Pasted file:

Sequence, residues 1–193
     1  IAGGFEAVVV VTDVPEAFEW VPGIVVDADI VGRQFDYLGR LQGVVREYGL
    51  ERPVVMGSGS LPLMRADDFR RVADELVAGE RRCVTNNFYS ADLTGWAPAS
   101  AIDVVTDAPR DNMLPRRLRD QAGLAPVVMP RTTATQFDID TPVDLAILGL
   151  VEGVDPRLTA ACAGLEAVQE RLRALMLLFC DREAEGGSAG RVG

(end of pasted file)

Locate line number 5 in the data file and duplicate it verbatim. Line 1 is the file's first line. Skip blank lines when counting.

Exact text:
   151  VEGVDPRLTA ACAGLEAVQE RLRALMLLFC DREAEGGSAG RVG